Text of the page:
Looking back, we refer to it as the Facebook War.
It started when my wife and I finally caved to my then-13-year-old son's incessant demands for a Facebook account. It made sense. He's a tech-savvy kid—what's known as a "digital native," meaning, he's grown up surrounded by computers and the Internet. Learning the ropes of social networking is an important survival skill for the 21st century.
But first we sat him down and went over the rules. Number one: We have to be friends, to make sure he's not being harassed by schoolmates or "friended" by creepy strangers. Number two: He shouldn't put anything on there he wouldn't want his grandmother (also a Facebook friend) to read. Simple, right?
Everything went fine at first. Then my very sarcastic son (he gets it from his mother) posted something rude on his Facebook wall. I knew he was kidding. However, anyone who didn't know him well could consider it offensive. So I told him to take it down. On Facebook. In front of all his eighth grade friends.
Huge tactical error. He immediately unfriended me, my wife and every other adult in his Facebook network. We insisted he refriend us. With great reluctance, he agreed. A week later he unfriended us again. We threatened to delete his profile altogether and he put us back on. Two weeks later he told us his account had been corrupted and he needed to set up a new one and refriend us. Okay, we said. I was proud he'd volunteered to friend us without us having to nag him. He was finally getting it.
Things seemed to be going well until I sat down at my computer after my son had used it to print a school paper and Facebook popped up. Not my account, his. His old account. The one that had supposedly been "corrupted." And on it I found a note he posted to one of his friends, saying "Don't message me at my other account. I set that one up to fool my idiot parents."
Wow. Twenty-first-century survival skills indeed. For our moms and dads, television and the telephone were the enemies of good grades. Today's battles are over cell phones, social networks and YouTube. The issues are not all that different; these things are distracting, addictive and easily abused. But they're also unavoidable—your kids will need to navigate them in order to succeed, just as you had to with the phone and TV.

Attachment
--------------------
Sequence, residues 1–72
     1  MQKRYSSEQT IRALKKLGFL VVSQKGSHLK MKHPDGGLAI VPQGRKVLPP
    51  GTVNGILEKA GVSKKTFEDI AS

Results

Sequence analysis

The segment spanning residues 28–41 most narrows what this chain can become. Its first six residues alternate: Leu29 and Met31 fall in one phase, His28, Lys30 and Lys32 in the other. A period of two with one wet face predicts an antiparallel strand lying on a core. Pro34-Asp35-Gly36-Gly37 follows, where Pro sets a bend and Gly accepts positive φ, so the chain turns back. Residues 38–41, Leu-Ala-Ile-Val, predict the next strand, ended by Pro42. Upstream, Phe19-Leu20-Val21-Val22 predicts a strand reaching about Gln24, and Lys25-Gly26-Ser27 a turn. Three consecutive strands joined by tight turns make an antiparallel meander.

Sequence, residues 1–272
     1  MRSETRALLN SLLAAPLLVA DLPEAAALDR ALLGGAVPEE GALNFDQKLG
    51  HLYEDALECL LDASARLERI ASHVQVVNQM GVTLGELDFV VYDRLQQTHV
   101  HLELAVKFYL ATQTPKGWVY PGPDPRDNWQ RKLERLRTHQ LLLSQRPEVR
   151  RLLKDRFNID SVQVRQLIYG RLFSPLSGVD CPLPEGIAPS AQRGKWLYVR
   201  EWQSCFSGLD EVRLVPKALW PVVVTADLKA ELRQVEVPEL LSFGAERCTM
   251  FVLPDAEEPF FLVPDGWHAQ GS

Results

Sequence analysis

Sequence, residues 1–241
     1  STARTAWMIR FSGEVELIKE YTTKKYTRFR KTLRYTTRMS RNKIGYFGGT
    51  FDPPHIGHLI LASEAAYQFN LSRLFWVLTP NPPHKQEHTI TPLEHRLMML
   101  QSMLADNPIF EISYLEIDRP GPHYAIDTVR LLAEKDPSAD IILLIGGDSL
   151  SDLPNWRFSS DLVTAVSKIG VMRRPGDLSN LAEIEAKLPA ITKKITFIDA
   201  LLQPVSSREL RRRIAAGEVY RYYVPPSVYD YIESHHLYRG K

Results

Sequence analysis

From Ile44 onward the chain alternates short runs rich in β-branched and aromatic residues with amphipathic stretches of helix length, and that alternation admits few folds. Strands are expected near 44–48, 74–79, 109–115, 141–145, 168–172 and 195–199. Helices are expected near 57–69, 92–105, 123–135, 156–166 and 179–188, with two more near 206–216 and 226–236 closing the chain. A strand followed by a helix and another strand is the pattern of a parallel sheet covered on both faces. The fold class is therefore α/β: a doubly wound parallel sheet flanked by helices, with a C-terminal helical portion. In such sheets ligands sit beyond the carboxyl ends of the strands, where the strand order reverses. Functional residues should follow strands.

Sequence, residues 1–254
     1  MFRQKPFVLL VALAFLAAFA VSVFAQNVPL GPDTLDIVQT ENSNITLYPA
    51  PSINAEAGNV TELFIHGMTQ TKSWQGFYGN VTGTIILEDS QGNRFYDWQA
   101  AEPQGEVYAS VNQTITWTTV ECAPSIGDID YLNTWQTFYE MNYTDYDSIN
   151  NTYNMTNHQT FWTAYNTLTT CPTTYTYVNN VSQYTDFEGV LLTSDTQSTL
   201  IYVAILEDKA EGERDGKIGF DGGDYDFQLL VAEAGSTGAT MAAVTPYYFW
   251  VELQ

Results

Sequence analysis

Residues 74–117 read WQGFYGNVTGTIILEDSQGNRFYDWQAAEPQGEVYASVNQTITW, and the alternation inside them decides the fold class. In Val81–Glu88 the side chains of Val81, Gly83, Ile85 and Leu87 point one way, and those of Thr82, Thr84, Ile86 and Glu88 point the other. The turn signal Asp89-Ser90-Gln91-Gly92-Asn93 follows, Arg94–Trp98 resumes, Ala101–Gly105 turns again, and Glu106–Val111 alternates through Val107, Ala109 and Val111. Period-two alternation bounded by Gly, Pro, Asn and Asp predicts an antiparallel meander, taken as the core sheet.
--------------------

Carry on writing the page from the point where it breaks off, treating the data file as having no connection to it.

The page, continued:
Here's the key difference: Unlike the boob tube or landline, Web tools can help your children do well in school, if they use them creatively and avoid the pitfalls.
It won't be easy. You'll have to learn to master these tools too, to keep your kids safe and to manage their time. You may need to act as an advocate for these technologies and push teachers and school administrators to play along. But the payoff will be well worth it.
Fearless Excuse Killers
"I left my assignment at school." "The dog ate my homework." "Nobody told me that project was due tomorrow."
Like all parents, we've heard these excuses (and more) from our kids. But we stopped getting them so often after the kids started using Google Apps and Google Calendar for their schoolwork. For example, recently, my 11-year-old daughter needed to write a paper on sea turtles for a fifth grade project. She simply logged on to Google Docs, a free, full-featured, Web-based word processor. When she needed help, I could log on too, and we could work together on the report, even though she was home and I was at my office. The next day, at school, her paper was online and she just had to print it out.
For my extremely absent-minded son, now 14, Google Calendar has been a godsend. To make big projects less daunting, we set up calendar events that will generate plenty of reminders sent to his e-mail account and cell phone. It's not a total solution—we still have to get him to do the work—but it helps with time management and cuts down on our nagging.